66. ROXY MUSIC- FOR YOUR PLEASURE (1973) Guest Contributor – Paul Haig (Josef K)

Art Rock, Glam Rock, Greatest Records

I remember seeing a billboard in Edinburgh for something called Roxy Music, it was 1972. The blown up image was a 1950s-style album cover featuring a stunning female model (photographer Karl Stoecker shot the cover with model Kari-Ann Mullerand) and I thought to myself, what is Roxy Music? It didn’t take me long to find out in the music press that it was the debut album by an English art school band who dressed in totally out-there glam gear and got shouted at when they played live for being somewhat effeminate looking. The first ‘Roxy’ music I heard was the single ‘Virginia Plain’ then I bought the album which was amazing in every way. Unfortunately, I was a bit too young to be going to rock concerts so the closest I ever got to seeing early Roxy Music was when I was on the top deck of a bus going up Lothian Road and saw them get out of a black limousine to walk into the foyer of the Caledonian Hotel in Edinburgh’s West End. They were wearing all their glam clothes and looked amazing so it was a real bummer to miss the concert which I think was at the Odeon cinema.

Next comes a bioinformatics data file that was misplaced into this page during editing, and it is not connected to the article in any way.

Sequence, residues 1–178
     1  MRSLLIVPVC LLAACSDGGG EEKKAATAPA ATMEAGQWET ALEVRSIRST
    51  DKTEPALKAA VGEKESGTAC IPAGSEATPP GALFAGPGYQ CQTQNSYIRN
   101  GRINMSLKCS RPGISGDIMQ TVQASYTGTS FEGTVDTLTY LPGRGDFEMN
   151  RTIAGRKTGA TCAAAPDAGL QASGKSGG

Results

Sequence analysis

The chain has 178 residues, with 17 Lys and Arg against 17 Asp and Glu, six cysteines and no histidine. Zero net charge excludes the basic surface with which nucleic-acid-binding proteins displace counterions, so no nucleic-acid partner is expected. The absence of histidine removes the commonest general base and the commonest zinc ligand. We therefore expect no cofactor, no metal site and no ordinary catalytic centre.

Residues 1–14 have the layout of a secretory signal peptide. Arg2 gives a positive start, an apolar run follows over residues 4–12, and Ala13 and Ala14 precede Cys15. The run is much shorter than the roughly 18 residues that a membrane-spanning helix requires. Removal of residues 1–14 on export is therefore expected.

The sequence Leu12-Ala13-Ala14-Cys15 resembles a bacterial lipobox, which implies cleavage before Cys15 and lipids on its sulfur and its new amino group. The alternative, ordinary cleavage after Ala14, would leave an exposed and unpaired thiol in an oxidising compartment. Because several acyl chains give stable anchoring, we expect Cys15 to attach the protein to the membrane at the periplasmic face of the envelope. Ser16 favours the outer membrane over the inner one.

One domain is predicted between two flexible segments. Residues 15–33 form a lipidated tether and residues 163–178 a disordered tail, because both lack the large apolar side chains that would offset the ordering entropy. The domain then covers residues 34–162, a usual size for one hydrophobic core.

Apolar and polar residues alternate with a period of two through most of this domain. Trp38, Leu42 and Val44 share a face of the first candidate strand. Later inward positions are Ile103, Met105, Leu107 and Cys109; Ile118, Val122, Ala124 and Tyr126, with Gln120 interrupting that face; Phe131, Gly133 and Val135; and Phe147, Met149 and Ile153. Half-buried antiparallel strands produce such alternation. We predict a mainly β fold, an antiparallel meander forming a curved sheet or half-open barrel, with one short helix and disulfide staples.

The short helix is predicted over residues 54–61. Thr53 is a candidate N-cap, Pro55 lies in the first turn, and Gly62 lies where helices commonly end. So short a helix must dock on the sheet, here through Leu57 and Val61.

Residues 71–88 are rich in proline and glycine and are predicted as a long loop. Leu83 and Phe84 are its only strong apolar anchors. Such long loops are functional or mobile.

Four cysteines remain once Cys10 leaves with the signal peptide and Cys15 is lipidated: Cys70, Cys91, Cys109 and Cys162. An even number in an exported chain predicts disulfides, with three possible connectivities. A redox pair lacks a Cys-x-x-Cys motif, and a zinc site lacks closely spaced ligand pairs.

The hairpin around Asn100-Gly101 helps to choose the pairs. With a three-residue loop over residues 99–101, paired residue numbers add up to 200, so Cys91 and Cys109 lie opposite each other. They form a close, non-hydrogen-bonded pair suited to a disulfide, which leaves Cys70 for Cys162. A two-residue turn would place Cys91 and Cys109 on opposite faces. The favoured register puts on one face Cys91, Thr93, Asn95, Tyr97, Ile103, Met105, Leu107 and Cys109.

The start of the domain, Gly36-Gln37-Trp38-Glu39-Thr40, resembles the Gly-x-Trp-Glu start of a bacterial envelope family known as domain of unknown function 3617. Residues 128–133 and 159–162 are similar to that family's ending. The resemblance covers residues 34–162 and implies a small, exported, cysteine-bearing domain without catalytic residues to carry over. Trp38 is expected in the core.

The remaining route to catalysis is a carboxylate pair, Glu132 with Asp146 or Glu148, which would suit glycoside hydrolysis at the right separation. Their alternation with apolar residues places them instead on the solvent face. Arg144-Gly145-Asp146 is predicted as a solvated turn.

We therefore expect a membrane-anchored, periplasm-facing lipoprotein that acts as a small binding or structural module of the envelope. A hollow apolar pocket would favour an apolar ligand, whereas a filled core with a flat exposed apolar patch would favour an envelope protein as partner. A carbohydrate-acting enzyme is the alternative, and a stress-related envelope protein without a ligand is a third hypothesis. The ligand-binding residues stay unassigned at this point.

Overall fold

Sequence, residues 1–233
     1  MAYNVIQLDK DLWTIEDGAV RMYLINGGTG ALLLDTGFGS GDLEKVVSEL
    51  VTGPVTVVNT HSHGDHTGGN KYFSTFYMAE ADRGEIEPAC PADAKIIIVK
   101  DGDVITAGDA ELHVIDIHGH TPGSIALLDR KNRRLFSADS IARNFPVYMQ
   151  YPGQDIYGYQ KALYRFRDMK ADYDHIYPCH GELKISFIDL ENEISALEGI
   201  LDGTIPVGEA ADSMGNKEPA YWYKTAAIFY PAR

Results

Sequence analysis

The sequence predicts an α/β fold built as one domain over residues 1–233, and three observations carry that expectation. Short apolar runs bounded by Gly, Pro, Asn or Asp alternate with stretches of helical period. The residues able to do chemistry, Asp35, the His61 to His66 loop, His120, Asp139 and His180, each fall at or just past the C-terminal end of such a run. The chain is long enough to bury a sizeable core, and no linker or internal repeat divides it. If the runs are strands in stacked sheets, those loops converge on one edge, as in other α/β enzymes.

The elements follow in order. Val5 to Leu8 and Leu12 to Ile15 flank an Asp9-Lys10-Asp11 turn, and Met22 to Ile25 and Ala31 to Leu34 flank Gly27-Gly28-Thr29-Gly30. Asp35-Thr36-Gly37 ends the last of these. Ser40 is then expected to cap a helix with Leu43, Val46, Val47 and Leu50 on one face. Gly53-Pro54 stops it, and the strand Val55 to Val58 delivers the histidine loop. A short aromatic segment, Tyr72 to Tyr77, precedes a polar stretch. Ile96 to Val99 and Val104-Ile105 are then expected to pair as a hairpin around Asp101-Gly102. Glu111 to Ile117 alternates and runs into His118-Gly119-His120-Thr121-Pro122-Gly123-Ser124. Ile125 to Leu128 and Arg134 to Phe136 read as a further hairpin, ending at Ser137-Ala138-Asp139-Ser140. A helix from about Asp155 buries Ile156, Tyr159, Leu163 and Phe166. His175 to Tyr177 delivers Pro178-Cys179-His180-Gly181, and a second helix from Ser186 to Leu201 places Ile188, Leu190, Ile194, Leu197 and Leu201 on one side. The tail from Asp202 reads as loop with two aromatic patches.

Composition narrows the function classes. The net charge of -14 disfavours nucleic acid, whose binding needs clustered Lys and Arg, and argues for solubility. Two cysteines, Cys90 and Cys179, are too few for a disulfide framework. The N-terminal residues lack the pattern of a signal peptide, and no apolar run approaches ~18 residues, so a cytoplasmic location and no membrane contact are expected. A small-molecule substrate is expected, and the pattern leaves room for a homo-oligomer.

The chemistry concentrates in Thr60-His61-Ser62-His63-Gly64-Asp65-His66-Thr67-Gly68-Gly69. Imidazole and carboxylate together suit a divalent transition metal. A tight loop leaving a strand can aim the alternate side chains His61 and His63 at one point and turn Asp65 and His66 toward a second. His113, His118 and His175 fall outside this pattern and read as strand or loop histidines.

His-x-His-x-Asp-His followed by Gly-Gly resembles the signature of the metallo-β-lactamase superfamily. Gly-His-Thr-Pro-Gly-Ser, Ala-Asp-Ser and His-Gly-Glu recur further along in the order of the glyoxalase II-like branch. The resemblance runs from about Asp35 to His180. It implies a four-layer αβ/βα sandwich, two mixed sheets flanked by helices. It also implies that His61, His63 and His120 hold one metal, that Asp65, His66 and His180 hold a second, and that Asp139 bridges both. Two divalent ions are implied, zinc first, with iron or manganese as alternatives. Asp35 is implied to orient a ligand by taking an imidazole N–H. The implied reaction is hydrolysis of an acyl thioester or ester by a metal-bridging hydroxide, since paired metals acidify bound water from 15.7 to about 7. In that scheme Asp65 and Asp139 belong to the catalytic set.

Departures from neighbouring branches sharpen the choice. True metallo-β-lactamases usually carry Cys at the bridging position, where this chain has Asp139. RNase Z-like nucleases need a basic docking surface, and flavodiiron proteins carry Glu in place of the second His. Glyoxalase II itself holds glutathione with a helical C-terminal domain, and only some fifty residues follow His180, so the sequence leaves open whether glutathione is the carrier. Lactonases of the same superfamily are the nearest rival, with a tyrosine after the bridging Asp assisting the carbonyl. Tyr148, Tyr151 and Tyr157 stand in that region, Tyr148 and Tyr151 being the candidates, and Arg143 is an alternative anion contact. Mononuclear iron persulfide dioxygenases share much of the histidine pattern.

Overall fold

I first saw the sleeve for the second album ‘For Your Pleasure’ at Bruce’s record shop in Rose Street. Due to lack of pocket money funds I was unable to buy it for what seemed like an eternity so I would go in just to ogle it and try to imagine what tracks like ‘The Bogus Man’ would sound like. It looked dark and sinister and featured model Amanda Lear (who also started a career as a disco singer in the mid-seventies) in a contorted pose, wearing a skin tight leather evening dress and tottering awkwardly on high healed stilettos while leading a black jaguar on a thin leash. The background seemed like a futuristic Las Vegas city skyline and if you opened out the gatefold Bryan Ferry was on the left dressed as a chauffeur beside a black stretch limo, grinning ambiguously from ear to ear.